Vision – the Most Critical Tool for Successful Deer...

Today’s Non-Outdoors Lifestyle May Negatively Impact Eye Coordination Skills...

05/30/2018 Comments (0) Deer Hunting

A Hunter Must Be Able to Identify Deer and Have a Good Reaction Time

Editor’s Note: Can you identify a buck fast and get off a clear shot before he vanishes in thick brush? Although not easy, there are ways you can speed-up your reaction time. How does a batter see a ball coming toward the plate at 90 mph, and time his swing to hit the ball? Travis Fryman, who played with the Detroit Tigers and the Cleveland Indians for 13 years, batting in 1,022 runs, making 223 home runs and five times earning MLB All Star status, says, “I not only can see the ball as it leaves the pitcher’s hand, but I also can see the seams of ball as it rotates toward me.” Fryman, a longtime hunter and fisherman, uses his vision skills he sharpened working with a developmental optometrist on his baseball hitting to hunt more effectively. The quicker you can see and identify a buck and determine the direction he’s traveling, the quicker and more accurately you’ll shoot. You must understand the difference between eyesight and vision. If you start now, by the time deer season arrives in the fall, your ability to see deer greatly will have improved. NFL teams use developmental optometrists to teach quarterbacks to spot open receivers. One friend of our son’s went to a developmental optometrist for 6 months to improve his vision to get accepted into the Navy pilot program.

When I asked Dr. Etting of Encino, California, a developmental optometrist (see Day 1), why some hunters can’t see deer in the woods, even when they are as close as 20-100 yards away, he explained that several skills are required to perform this task. “First of all, we have to assure that a hunter can see clearly – with or without glasses. Then he must use clues from the environment to help him discriminate the deer from the background. This discrimination process should happen quickly.”

One of the clues the deer hunter should look for is a line parallel to the ground, about 3-4 feet high. A hunter who sees this may be looking at a deer’s back. The hunter must then rapidly take in other information from the scene to confirm that he’s seeing a deer. So, he should learn to rapidly recognize the twitching of a deer’s ear, the sun dancing off an ivory-colored antler, a leg protruding from behind a tree and a tail swishing.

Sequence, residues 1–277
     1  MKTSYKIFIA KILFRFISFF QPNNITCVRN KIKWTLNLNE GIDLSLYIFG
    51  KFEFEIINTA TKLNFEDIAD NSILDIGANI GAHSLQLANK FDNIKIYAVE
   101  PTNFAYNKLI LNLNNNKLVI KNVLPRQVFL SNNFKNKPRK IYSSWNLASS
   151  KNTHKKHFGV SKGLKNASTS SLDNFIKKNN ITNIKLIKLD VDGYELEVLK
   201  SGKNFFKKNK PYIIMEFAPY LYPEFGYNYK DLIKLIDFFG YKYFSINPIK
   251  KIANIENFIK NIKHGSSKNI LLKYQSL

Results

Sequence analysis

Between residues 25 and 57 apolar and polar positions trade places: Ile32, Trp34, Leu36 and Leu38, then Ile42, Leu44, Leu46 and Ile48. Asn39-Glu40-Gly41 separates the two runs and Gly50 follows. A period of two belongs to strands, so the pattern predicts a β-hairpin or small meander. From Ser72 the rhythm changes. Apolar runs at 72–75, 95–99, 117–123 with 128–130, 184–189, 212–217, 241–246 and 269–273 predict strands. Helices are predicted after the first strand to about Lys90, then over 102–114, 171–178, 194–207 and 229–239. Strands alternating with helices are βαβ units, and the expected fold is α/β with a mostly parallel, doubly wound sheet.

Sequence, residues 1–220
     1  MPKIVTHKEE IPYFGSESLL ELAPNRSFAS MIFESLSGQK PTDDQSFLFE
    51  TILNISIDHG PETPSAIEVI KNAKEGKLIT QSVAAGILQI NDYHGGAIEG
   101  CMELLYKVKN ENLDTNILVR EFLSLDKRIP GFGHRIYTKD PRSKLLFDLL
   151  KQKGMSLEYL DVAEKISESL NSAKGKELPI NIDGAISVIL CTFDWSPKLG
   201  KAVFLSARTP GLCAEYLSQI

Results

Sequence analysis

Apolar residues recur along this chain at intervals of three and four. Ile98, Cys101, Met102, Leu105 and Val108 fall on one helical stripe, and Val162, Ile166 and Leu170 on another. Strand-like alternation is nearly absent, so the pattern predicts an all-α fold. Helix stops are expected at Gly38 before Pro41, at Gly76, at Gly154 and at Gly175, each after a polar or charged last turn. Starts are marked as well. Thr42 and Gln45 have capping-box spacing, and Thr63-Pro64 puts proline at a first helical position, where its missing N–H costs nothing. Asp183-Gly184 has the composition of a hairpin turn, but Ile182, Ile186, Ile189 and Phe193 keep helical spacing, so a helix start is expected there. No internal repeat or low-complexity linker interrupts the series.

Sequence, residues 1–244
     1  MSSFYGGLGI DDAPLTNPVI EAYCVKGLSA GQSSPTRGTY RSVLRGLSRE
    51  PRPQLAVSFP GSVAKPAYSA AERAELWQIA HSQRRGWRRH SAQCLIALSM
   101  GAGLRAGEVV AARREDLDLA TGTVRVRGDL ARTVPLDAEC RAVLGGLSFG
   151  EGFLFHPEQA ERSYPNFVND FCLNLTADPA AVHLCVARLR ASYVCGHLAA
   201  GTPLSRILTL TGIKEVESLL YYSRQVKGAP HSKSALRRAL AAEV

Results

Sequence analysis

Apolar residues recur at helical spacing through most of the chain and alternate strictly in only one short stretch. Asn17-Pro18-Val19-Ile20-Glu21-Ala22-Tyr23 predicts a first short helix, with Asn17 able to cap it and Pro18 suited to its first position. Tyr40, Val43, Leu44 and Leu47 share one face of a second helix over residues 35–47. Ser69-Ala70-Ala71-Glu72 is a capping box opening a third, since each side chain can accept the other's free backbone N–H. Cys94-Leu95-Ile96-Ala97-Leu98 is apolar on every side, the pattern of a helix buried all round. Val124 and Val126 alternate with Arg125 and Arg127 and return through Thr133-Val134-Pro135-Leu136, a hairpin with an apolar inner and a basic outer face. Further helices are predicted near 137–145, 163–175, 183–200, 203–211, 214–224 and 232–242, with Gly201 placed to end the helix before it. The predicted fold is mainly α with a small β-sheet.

However, the ability to see deer in the woods is only part of a hunter’s visual skill. Another skill critical to successful deer hunting is reaction time, which Dr. Etting defines as, “How quickly the hunter can detect the location and the size of the target and the direction and the rate of its movement and then respond by bringing his gun to the shooting position.”

You can determine the location of the target by looking at portions of the deer or by watching for signs of movement. How big the deer looks, however, is affected by distance as well as actual size. If you see a 250-pound deer at a distance, the image transmitted by eyesight is that of a smaller deer. Vision however, factors in the distance and tells you that the deer is indeed a trophy. A sportsman must allow his vision system to override his perception system to accurately calculate his shot. You can use a range finder or can pace off the distance to objects to check your ability to estimate the deer’s sizes from far away.

Further deciding the relative speed of a fleeing deer and bringing the gun to a shooting position requires conscious coordination of both eyes. If you’re following a deer with only one eye, aiming becomes difficult. Dr. Etting gives as an example: “A man who drives a wagon that is drawn by two horses – one a carriage horse and the other a racehorse – has tremendous problems. He has so much trouble keeping the two horses pulling together that he has difficulty staying on the road, and seeing where he is going or when he has been.”

A developmental optometrist can determine in what area a hunter’s visual skill is deficient and then can develop a personalized therapy program to improve those skills. For a listing of doctors in your area, contact the non-profit Optometric Extension Program Foundation at https://www.oepf.org or 410-561-3791. Check out the American Optometric Association (www.aoa.org).

To learn more about hunting deer with John E. Phillips’ Amazon Kindle eBooks, print books and Audible books and Nook books, click here at http://johninthewild.com/books/#deer. You can type in the name of the book and download it to your Kindle, and/or download a Kindle app for your iPad, SmartPhone or computer. For a free download on how to make jerky from venison to provide a protein-rich snack, choose “How to Prepare Venison Jerky: The Ultimate Snack Food” at johninthewild.com/free-books.

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